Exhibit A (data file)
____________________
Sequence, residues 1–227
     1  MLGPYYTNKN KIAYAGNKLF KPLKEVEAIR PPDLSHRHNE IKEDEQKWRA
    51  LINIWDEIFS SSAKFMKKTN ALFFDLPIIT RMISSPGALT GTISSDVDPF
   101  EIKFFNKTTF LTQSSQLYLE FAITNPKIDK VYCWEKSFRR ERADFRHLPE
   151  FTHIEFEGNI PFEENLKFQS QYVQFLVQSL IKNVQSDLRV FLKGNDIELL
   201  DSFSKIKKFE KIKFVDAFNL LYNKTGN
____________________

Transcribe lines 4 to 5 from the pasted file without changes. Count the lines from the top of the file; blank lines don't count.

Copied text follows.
   101  EIKFFNKTTF LTQSSQLYLE FAITNPKIDK VYCWEKSFRR ERADFRHLPE
   151  FTHIEFEGNI PFEENLKFQS QYVQFLVQSL IKNVQSDLRV FLKGNDIELL